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Alberta Family Wellness Initiative: BRAIN STORY CERTIFICATION (FREE)

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WHAT YOU’LL LEARN

Lifelong health is determined by more than just our genes: experiences at sensitive periods of development change the brain in ways that increase or decrease risk for later physical and mental illness, including addiction. That finding is the premise of the Brain Story, which puts scientific concepts into a narrative that is salient to both expert and non-expert audiences. The Brain Story synthesizes decades of research and reflects a body of knowledge that experts agree is useful for policy-makers and citizens to understand.

The Alberta Family Wellness Initiative (AFWI) has developed an online course to make Brain Story science available to professionals and the public. Brain Story Certification is designed for those seeking a deeper understanding of brain development and its consequences for lifelong health. The course is also designed for professionals seeking certification in a wide range of fields.

Click to download course content: BRST101-CourseOutline

To register or for more information please visit: https://www.albertafamilywellness.org/training

 

Global Prevalence of Fetal Alcohol Spectrum Disorder Among Children and Youth A Systematic Review and Meta-analysis

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JAMA Pediatr. 2017;171(10):948-956. doi:10.1001/jamapediatrics.2017.1919

Key Points

Question  What is the prevalence of fetal alcohol spectrum disorder among children and youth in the general population?

Findings  In this meta-analysis of 24 unique studies and 1416 unique children and youth with fetal alcohol spectrum disorder, approximately 8 of 1000 in the general population had fetal alcohol spectrum disorder, and 1 of every 13 pregnant women who consumed alcohol during pregnancy delivered a child with fetal alcohol spectrum disorder. The prevalence of fetal alcohol spectrum disorder was found to be notably higher among special populations.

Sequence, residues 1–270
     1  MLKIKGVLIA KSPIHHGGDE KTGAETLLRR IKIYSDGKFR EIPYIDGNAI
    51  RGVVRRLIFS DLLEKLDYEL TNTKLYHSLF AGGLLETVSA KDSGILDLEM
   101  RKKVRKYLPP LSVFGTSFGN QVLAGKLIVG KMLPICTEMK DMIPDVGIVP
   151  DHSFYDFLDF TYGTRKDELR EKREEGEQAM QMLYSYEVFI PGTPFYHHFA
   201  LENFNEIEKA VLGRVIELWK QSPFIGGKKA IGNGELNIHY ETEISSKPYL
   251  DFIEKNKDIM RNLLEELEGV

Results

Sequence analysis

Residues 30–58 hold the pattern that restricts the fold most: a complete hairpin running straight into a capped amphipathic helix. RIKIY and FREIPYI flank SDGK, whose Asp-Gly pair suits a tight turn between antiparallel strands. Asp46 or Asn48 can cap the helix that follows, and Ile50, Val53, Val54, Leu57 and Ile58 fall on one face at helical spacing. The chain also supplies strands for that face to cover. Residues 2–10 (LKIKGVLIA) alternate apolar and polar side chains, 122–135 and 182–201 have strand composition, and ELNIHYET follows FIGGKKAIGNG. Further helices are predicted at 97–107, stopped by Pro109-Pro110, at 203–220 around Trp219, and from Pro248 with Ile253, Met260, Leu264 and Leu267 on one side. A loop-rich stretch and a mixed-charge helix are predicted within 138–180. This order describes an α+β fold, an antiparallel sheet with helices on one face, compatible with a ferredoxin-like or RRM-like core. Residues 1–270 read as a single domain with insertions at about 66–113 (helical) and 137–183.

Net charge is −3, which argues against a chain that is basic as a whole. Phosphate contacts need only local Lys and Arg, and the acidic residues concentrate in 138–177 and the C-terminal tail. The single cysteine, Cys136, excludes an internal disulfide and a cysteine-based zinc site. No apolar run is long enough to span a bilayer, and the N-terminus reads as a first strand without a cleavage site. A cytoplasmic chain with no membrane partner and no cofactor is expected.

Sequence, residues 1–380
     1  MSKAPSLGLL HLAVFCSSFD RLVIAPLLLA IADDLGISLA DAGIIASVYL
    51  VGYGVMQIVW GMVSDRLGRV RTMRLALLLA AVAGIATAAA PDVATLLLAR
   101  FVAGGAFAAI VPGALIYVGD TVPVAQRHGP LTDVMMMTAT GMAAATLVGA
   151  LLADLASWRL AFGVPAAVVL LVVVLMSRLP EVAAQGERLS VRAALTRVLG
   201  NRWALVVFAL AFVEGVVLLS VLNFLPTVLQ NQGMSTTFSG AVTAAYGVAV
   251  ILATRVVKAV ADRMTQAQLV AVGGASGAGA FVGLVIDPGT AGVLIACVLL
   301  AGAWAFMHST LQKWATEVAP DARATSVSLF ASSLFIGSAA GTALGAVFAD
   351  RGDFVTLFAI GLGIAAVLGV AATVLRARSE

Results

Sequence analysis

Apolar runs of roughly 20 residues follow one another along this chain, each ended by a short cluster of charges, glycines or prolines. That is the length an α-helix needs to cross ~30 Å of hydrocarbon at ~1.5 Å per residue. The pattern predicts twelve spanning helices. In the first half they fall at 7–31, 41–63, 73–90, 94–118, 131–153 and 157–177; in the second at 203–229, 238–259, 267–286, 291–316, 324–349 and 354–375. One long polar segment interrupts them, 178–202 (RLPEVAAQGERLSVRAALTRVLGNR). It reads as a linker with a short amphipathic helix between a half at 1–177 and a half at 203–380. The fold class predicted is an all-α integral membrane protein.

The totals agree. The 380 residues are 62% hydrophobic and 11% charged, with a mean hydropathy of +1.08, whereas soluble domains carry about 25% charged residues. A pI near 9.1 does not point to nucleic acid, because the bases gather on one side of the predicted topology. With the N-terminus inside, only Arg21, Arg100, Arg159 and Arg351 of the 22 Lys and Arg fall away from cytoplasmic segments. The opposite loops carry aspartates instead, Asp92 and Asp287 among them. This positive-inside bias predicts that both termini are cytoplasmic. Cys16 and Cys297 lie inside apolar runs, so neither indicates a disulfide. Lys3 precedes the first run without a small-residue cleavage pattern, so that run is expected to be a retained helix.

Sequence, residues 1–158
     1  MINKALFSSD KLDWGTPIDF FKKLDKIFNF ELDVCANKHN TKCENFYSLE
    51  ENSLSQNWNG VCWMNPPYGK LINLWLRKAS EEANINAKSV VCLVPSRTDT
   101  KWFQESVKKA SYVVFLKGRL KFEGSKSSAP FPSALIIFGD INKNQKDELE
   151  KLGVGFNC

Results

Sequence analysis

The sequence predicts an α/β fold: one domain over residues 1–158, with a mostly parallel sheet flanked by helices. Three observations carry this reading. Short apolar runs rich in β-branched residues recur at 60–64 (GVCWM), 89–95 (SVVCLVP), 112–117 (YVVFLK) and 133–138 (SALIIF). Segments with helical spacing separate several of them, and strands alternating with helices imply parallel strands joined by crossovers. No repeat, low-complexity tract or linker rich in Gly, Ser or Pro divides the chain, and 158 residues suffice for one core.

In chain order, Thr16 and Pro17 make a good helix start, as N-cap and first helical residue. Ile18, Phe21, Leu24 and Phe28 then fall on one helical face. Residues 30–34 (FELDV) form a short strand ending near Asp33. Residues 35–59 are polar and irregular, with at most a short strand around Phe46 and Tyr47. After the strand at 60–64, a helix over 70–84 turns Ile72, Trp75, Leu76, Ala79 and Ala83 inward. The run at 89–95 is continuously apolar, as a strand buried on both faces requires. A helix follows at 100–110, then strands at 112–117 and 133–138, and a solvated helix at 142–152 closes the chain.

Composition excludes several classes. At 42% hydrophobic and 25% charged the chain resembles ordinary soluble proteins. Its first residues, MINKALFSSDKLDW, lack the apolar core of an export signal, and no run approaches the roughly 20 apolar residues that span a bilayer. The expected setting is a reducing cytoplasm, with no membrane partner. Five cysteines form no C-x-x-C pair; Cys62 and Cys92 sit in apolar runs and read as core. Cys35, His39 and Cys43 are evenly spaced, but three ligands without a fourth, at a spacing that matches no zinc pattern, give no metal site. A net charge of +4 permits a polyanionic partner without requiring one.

Meaning  The prevalence of fetal alcohol spectrum disorder among children and youth in the general population exceeds 1% in 76 countries, which underscores the need for universal prevention initiatives targeting maternal alcohol consumption, screening protocols, and improved access to diagnostic services, especially in special populations.

Abstract

Importance  Prevalence estimates are essential to effectively prioritize, plan, and deliver health care to high-needs populations such as children and youth with fetal alcohol spectrum disorder (FASD). However, most countries do not have population-level prevalence data for FASD.

Objective  To obtain prevalence estimates of FASD among children and youth in the general population by country, by World Health Organization (WHO) region, and globally.

Data Sources  MEDLINE, MEDLINE in process, EMBASE, Education Resource Information Center, Cumulative Index to Nursing and Allied Health Literature, Web of Science, PsychINFO, and Scopus were systematically searched for studies published from November 1, 1973, through June 30, 2015, without geographic or language restrictions.

Study Selection  Original quantitative studies that reported the prevalence of FASD among children and youth in the general population, used active case ascertainment or clinic-based methods, and specified the diagnostic guideline or case definition used were included.

Data Extraction and Synthesis  Individual study characteristics and prevalence of FASD were extracted. Country-specific random-effects meta-analyses were conducted. For countries with 1 or no empirical study on the prevalence of FASD, this indicator was estimated based on the proportion of women who consumed alcohol during pregnancy per 1 case of FASD. Finally, WHO regional and global mean prevalence of FASD weighted by the number of live births in each country was estimated.

Main Outcomes and Measures  Prevalence of FASD.